As a black woman who has had natural hair for over 20 years, I understand how hard it is to find a salon that actually has stylists who know what they’re doing. When I went natural in 1994, there were hardly any salons that specialized in natural hair, and I couldn’t walk into a Target to find natural-hair products the way I can today. So I sympathize with Bianca Dawkins of Minneapolis, who’s been growing out her hair for over a year.
Dawkins recently attempted to have her natural hair done at the Denny Kemp Salon and Spa in Minneapolis, but let’s just say things didn’t go as planned.
According to City Pages, before her appointment, Dawkins had informed the salon of her hair type. But on the day of the appointment, she received a rude and racist awakening from stylist Justin Dennis Waltenberg.
Dawkins said that Waltenberg grabbed her hair and informed her that her hair was “an animal that can’t be tamed.”
After other stylists refused to do Dawkins’ hair, she asked, “So, what? Black girls can’t come in here and get their hair done?”
Dawkins said the stylist then replied, “Well, it isn’t the 1950s or ’60s, where we can just put up a sign in the window.”
Dawson took her story to Facebook, and it soon went viral and caught the attention of the salon. The salon posted an “apology” that, of course, wasn’t taken at face value by the public.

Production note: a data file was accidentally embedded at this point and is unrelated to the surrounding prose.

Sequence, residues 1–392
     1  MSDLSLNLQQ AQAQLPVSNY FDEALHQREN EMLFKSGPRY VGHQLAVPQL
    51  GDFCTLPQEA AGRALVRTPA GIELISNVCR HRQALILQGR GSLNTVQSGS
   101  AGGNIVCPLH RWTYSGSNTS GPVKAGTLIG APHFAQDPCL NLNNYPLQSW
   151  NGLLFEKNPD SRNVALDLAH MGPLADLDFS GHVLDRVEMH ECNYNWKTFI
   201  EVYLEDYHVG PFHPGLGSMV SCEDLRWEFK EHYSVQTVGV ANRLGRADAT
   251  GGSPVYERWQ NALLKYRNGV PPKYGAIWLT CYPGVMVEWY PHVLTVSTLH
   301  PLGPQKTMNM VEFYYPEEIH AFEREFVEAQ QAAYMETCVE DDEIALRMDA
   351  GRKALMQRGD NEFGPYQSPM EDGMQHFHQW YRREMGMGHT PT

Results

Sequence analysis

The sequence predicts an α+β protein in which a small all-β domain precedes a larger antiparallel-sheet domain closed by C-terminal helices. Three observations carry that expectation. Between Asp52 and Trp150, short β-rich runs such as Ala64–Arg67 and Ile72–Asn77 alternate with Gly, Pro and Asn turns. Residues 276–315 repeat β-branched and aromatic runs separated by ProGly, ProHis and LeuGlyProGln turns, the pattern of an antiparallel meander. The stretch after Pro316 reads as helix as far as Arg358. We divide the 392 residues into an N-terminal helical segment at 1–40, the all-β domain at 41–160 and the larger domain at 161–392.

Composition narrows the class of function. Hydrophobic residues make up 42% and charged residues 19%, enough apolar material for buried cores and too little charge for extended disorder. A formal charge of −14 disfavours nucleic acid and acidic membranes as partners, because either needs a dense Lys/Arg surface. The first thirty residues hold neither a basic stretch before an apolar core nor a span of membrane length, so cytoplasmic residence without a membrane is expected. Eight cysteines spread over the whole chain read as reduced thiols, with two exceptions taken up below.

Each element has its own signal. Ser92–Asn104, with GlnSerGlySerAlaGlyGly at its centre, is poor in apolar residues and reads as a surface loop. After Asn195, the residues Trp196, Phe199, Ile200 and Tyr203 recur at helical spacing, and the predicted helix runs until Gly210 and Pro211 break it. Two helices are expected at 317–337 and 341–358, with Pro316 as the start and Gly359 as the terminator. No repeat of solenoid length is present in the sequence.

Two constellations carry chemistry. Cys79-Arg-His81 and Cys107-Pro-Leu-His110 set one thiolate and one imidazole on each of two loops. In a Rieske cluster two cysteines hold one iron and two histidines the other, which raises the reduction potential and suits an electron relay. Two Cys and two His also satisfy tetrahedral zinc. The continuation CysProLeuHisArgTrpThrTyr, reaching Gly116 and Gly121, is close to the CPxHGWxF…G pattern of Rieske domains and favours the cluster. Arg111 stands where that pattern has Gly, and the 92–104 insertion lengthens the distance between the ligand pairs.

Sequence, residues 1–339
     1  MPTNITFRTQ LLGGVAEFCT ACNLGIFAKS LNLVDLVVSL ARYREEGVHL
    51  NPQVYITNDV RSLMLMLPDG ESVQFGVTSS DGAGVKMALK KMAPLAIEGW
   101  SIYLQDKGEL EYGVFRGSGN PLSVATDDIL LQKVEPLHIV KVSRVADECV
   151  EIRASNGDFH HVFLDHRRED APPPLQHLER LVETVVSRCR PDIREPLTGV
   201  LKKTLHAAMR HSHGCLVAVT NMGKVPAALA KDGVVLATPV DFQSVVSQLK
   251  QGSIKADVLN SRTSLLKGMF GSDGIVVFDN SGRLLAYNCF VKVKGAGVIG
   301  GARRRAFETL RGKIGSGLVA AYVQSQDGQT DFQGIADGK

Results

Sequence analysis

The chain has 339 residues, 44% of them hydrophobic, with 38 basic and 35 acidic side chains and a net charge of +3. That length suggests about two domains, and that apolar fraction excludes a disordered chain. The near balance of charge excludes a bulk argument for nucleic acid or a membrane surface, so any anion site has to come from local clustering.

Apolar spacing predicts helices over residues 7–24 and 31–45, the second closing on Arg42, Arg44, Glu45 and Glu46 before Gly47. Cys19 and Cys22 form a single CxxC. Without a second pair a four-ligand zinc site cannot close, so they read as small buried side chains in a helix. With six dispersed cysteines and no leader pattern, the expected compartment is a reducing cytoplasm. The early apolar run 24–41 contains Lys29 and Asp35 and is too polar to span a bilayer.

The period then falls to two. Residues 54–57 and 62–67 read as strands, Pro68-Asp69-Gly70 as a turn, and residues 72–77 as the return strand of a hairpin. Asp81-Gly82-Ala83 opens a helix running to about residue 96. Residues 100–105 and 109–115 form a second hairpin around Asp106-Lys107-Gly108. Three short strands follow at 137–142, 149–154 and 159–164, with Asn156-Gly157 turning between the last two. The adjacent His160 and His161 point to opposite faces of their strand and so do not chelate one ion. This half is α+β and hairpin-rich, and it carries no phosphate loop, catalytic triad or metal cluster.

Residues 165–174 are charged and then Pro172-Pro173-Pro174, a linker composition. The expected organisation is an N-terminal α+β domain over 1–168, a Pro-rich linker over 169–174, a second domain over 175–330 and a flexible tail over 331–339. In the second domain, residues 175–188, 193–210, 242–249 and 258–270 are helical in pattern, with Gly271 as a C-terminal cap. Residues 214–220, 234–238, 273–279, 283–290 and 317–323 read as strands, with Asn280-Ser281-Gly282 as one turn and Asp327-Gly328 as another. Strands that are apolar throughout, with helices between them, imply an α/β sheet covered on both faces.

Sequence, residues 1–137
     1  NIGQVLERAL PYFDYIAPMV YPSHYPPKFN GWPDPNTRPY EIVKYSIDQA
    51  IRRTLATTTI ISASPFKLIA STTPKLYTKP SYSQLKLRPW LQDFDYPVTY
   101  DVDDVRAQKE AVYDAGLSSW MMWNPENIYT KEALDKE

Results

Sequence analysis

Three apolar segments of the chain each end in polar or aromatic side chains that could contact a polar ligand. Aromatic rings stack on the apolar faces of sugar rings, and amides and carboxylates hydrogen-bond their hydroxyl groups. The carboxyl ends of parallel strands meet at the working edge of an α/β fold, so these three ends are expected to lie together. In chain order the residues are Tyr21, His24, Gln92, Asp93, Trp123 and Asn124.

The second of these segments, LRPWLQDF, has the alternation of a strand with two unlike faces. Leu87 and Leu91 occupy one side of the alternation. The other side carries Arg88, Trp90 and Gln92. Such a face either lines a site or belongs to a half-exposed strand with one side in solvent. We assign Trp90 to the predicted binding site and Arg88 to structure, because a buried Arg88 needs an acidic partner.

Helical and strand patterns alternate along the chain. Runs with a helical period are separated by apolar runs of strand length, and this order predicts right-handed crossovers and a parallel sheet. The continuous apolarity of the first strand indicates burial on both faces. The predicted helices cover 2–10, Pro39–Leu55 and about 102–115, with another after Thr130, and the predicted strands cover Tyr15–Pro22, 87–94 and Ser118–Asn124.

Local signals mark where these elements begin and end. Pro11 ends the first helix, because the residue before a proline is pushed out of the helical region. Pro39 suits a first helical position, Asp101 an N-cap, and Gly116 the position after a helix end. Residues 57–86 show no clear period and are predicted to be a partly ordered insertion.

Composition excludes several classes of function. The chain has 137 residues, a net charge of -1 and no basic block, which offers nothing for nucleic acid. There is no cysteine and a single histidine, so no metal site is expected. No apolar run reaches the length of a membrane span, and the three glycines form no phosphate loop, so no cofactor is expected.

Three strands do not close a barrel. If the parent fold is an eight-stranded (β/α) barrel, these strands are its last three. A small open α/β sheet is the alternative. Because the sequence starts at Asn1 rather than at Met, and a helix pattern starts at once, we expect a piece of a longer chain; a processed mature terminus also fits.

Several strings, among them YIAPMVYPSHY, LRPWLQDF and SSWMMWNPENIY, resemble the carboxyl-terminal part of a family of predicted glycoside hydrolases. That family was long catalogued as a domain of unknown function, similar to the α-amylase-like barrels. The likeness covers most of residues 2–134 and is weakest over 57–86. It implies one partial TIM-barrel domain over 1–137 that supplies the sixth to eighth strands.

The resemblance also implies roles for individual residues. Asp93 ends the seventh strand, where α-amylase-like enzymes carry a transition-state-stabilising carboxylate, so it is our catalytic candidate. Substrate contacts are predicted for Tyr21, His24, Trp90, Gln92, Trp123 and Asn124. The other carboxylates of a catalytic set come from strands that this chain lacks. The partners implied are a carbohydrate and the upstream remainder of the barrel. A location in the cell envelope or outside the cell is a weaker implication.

One commenter observed that the apology wasn’t really an apology:
This post should have read:
"Today one of our racist, formerly employed stylists made racist comments to a client who we so desperately hope does not justifiably sue our salon on the basis of racial discrimination. We cannot apologize enough that this occurred. We further apologize that other stylists and employees witnessed this vile attack yet remained silent, thereby tacitly endorsing this repugnant behavior on behalf of our salon. We are committed to vehimently [sic] demonstrating support to clients of all persuasions. Rest assured, this isolated and ugly incident has been dealt with swiftly and decisively. This former stylist is free to pursue his Thurmond/Wallace agenda at another place of employment. We have zero tolerance for this behavior."
Based on my understanding of the situation, this would have been much more appropriate than victim-shaming, which is what I perceive the salon's statement to be.
Denny Kemp, the salon’s owner, took up for the stylist and said Dawson didn’t want him fired.
“Justin is highly talented in many, many aspects,” Kemp said. “If he can’t do something, he’s not happy about it … he’s a little emotional, and he’s very, very proud.”
“I mean we’re all probably guilty of being racist about something,” Kemp said. “We all have blind spots, you know, because we don’t know.”
Dawkins has now created a #BlackHairMatters event to educate people in the Minneapolis area about natural hair.